Being fluent in a language is not necessary to travel to a foreign country. That’s simply an excuse some people use for not traveling – “I don’t know the language.” Even basic proficiency isn’t completely necessary. However, it’s always a wise idea to have a rudimentary grasp of something about the language and culture before you visit an unfamiliar place. Even though many people may speak English where you’re going, it’s appallingly rude to walk up to someone in Rome, for instance, and start blabbering in your native tongue. Instead, here are five essential Italian phrases to learn before going to Italy (Italia):

Non Capisco/Parla Inglese?

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When you’re feeling flustered as the bus driver barks out a command and impatiently waits for you to give him money, it’s wise to say: What? More particularly, you might say non capisco or “I don’t understand.” A good follow up might be parla inglese?, meaning “Do you speak English?” He might say no, but chances are somebody will step in to help out.


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Sometimes it means hello. Sometimes, good bye. It’s the all-purpose greeting – ciao. It’s a friendly way to informally introduce yourself to someone, and a good way to depart just about any situation. The word is quite like the Hawaiian “aloha.”

Buon Giorno/Buona Sera/Buonanotte

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Beyond hello and goodbye, it’s nice to throw in a little time of day note in your phraseology. A good morning, good evening and goodnight (buon giorno, buona sera and buonanotte) are the three essentials. These are put to good use in various circumstances: a morning greeting to the café clerk while getting your cannoli, a response to the waiter welcoming you into the restaurant where you’re about to enjoy lasagna, and a goodnight to the bartender who might have over-served you on the red wine afterward. Speaking of, knowing food names is also very important, but that’s for another list.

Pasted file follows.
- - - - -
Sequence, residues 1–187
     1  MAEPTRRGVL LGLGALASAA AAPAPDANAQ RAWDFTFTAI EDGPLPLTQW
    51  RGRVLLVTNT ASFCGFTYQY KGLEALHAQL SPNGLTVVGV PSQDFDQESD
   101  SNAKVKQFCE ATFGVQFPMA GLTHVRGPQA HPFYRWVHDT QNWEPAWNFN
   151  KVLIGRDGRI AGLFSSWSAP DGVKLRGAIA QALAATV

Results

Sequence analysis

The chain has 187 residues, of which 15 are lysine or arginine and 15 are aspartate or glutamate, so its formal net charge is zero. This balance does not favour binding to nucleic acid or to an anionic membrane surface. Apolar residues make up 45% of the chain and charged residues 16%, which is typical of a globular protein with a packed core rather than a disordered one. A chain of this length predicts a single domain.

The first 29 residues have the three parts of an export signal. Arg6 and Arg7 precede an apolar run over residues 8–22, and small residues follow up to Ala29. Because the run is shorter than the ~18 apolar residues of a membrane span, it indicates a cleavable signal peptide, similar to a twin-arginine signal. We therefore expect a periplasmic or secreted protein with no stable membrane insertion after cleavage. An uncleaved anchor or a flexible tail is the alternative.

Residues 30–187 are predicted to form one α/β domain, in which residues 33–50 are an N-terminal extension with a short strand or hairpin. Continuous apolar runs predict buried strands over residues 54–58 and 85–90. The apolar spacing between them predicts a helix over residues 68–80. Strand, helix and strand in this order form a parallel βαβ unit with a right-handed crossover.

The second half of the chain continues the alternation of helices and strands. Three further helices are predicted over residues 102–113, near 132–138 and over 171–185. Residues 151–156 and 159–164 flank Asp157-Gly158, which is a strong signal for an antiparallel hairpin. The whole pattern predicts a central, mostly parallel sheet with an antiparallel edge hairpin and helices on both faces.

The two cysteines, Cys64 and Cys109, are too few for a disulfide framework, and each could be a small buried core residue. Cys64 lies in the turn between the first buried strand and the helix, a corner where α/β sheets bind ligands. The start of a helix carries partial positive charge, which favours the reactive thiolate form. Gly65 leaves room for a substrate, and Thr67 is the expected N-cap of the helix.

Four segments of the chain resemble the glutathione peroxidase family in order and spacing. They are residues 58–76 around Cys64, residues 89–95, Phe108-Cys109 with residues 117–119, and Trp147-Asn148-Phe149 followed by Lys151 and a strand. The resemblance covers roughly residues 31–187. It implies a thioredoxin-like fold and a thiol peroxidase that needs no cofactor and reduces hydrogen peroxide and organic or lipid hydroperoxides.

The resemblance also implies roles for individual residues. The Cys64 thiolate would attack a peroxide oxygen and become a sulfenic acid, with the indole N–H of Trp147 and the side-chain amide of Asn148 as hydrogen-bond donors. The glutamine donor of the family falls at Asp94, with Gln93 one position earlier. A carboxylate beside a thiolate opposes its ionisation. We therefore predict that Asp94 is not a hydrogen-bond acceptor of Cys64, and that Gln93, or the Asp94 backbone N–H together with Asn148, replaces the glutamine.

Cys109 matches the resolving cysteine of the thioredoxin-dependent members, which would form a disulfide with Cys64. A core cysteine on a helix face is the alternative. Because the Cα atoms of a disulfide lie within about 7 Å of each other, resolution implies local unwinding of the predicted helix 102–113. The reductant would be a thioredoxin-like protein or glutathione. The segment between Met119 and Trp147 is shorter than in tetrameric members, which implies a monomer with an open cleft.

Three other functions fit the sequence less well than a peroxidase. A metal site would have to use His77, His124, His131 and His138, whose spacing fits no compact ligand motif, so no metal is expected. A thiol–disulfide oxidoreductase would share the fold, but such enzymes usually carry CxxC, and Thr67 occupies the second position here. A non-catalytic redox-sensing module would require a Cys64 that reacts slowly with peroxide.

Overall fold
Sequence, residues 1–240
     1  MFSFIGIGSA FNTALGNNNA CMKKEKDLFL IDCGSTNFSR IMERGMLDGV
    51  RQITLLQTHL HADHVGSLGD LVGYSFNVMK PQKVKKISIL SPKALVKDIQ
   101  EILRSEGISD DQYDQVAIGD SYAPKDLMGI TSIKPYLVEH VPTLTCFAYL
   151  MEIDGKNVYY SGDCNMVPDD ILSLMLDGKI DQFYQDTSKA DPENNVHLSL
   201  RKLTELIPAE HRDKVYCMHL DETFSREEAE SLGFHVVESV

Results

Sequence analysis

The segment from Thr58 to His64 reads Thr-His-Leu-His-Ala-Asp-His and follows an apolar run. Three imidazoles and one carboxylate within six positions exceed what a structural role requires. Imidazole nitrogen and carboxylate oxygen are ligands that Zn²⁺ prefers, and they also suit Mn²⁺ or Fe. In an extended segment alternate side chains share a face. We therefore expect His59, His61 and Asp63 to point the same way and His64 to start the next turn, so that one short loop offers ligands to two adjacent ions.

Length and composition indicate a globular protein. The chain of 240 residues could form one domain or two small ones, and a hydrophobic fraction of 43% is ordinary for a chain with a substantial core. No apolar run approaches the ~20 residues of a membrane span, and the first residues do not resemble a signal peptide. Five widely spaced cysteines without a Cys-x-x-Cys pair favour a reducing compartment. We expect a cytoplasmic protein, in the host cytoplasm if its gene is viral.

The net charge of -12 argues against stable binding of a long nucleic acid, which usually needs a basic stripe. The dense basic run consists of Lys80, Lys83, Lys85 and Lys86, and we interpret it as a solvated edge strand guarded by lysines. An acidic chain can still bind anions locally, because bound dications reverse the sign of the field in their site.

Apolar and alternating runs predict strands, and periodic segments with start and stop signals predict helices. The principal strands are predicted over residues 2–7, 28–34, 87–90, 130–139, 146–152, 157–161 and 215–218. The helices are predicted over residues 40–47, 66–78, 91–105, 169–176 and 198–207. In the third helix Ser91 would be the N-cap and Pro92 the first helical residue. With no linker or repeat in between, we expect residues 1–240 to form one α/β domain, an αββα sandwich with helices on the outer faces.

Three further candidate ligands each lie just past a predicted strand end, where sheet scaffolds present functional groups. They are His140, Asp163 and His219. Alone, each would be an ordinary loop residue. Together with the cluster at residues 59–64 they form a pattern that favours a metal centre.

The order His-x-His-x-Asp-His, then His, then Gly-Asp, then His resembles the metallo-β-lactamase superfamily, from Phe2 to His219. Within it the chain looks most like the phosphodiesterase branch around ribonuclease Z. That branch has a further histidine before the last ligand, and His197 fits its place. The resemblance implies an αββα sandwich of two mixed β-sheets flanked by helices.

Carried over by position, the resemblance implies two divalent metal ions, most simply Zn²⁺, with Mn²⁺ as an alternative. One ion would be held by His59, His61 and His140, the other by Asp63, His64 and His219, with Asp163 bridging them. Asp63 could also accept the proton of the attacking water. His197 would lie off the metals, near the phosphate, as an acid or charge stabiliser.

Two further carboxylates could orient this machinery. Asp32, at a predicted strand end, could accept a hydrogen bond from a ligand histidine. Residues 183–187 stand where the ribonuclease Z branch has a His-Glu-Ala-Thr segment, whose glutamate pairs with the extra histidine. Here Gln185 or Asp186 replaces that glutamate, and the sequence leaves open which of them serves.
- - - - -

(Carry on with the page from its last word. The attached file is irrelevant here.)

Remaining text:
Mi Scusi/Mi Dispiace

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One of the last things you want to do in a foreign country – or probably in your native country, too – is to get into a fight. Being a jerk and not apologizing is one way to do that. So, when you bump into somebody, say mi scusi, the formal “excuse me” for such a transgression. If you need to follow up with a particularly disgruntled person, make it known: I’m sorry, mi dispiace.

Si/No/Per Favore/Grazie

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C’mon now. You have to know at least the very basics. Yes, no, please and thank you. You’ll use such common words in almost every interaction, and rely on them even more than usual if your strength in the Italian language is weak (especially if you understand more than you can speak). Si and no are pretty straightforward – yes and no. Per favore, you might realize, sounds a lot like the Spanish por favor. It can be easy to mix the languages up for beginners, so be sure to practice your pronunciation, too! Grazie!